Defining consumerism can be complicated. Consumerism is a term used to describe the effects of equating personal happiness with purchasing material possessions and consumption (Fritsh). In other words, consumerism is the wants and needs of people based upon standards that are set in a given society and how those people acquire wealth. Throughout history, consumerism has evolved drastically since the first records of civilized society were recorded. The evolution of consumerism in the United States can be understood by dividing it into three basic components; trade, monetary policy and the digital economy. These types of economies can also be described as the agricultural economy, the industrial economy, and the post industrial economy.
At first, consumerism in the United States was established as trading between Indians and settlers for crops and labor. This was also known as the agricultural society. Currency was brand new to the Indians of North America. They were poorly educated and had little knowledge of how a currency system worked. So, in order for settlers and traders to establish some sort of economy that could live with and function with the Native Americans, a system of borrowing and trading was introduced. When it came down to it, the only things that became important in this economy were what was being traded, and how much was it worth to each individual. Not only has trading impacted American society back then, it has also had a snowball affect and has evolved into something much greater that we use in our daily lives.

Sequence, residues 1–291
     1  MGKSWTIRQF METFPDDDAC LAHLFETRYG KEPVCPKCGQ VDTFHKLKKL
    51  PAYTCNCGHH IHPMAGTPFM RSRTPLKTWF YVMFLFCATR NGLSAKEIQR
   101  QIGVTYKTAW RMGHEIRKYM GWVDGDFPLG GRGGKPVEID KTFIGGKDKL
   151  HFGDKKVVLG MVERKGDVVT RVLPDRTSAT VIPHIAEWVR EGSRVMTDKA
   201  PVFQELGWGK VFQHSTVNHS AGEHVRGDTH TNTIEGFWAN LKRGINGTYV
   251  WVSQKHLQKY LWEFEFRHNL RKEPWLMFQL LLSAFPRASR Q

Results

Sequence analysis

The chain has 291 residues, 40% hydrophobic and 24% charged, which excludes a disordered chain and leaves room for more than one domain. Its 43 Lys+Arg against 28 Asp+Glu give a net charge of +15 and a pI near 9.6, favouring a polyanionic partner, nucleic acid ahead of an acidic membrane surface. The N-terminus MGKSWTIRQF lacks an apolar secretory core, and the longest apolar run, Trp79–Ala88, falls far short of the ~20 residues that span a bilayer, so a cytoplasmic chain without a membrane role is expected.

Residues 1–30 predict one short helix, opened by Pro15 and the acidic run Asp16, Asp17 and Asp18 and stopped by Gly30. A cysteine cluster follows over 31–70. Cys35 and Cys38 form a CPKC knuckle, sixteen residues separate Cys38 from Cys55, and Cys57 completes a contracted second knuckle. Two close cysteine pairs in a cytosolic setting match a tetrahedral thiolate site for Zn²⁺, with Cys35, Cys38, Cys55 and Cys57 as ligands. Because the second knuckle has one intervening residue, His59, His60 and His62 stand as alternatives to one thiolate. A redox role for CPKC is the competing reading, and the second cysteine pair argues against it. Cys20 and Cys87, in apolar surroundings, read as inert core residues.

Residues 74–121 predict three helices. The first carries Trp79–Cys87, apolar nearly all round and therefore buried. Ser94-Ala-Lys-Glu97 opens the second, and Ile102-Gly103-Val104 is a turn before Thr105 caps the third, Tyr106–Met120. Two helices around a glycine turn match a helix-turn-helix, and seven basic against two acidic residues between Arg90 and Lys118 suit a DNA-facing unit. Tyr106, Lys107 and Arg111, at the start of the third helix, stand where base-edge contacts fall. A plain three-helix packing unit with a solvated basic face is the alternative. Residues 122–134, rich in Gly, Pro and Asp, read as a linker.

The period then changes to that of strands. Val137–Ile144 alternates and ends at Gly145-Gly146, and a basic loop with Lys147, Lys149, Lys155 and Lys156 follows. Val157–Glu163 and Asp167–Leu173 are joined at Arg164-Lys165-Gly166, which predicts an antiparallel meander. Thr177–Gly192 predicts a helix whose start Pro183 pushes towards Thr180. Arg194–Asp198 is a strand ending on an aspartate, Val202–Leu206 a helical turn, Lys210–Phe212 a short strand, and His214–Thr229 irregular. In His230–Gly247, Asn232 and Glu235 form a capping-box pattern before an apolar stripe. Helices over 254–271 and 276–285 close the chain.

The second part of consumerism in the United States has been the creation of a monetary policy. After the American Civil War, and once the Federal Reserve was established, people began to develop confidence in the government's ability to secure their assets though gold and silver. This is known as the industrial economy. It was a long time before paper money began to increase in its ability to...
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